Director King Vidor’s 1952 all-action romantic drama is brilliantly kitsch and preposterous, just bursting with enjoyably over-heated Fifties-style intrigue, sex and violence. It is an unkind label, but it is a trash classic.
Jennifer Jones stars as poor but sultry beauty Ruby Corey, raised as a tomboy in North Carolina’s swamp-lands. Ruby is jilted by her aristocratic true love, Boake Tackman (Charlton Heston), who marries a rich girl. So she weds her rich foster father Jim Gentry (Karl Malden), a recently widowed older man, by way of revenge.
When Malden’s character Jim suddenly vanishes after he dies in an accident, the townsfolk blame Ruby. She is accused of murder, and then there follows a rape and a shootout. The new richly Ruby takes revenge on the townsfolk by demanding payment of their debts and loans. Of course, she still carries a torch for Boake Tackman.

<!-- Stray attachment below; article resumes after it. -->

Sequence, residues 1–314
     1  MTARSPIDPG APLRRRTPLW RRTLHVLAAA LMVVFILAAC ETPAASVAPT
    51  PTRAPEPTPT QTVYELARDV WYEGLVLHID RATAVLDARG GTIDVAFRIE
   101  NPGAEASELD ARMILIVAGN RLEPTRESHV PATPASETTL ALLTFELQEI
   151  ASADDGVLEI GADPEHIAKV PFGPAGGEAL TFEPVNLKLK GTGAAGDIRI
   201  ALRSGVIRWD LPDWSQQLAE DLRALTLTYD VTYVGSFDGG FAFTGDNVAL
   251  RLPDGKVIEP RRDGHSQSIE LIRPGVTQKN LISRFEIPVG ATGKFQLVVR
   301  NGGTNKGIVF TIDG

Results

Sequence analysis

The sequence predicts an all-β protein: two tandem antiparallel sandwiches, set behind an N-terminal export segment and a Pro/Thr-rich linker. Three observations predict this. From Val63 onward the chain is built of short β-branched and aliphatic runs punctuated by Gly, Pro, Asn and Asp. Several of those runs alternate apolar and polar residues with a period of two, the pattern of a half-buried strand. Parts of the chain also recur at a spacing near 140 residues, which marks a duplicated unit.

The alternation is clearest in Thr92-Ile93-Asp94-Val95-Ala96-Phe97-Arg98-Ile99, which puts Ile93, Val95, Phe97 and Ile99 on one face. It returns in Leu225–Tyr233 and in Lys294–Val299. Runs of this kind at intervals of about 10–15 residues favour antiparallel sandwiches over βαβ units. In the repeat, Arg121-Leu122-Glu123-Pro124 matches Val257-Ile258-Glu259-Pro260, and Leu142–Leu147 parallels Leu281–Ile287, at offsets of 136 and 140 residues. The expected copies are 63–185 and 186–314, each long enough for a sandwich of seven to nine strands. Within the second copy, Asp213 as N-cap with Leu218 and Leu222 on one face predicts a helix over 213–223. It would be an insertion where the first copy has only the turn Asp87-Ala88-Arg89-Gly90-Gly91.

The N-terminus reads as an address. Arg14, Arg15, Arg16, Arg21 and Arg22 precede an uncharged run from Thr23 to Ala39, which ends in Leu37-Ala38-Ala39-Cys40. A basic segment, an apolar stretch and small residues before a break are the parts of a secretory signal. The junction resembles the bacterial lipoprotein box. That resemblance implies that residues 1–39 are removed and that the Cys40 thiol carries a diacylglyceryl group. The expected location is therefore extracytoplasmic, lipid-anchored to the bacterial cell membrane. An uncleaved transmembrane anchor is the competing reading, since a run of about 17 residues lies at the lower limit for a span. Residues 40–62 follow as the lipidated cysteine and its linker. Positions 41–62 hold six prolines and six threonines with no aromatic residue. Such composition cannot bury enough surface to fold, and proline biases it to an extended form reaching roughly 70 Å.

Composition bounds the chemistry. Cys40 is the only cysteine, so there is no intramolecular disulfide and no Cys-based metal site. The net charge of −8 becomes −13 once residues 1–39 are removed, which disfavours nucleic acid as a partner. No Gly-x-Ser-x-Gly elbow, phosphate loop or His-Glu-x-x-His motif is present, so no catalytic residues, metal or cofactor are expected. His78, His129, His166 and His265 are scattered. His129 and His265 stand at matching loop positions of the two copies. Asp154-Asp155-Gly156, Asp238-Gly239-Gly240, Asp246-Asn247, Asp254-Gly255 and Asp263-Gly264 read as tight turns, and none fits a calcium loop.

Vidor directs this deliciously tasty romp in his characteristic bravura fashion and there are flickerings of passion in the acting. The result is a sparkly costume-jewellery gem of a movie, with lots of glitter and little real worth or value, semi-precious but not actually valuable.
Sylvia Richards’s screenplay, based on the story by Arthur Fitz-Richard, may lack substance, but it has pretty much everything else.
Also in the cast are Josephine Hutchinson, Tom Tully, James Anderson, Barney Phillips, Phyllis Avery, Herbert Heyes, Myra Marsh, Charles Cane, Sam Flint, Frank, Wilcox, Peter Adams, Edgar Dearing, Bill Walker, Dayton Lummis, Selmer Jackson, Thomas Browne Henry and George Fields.
© Derek Winnert 2016 Classic Movie Review 3976
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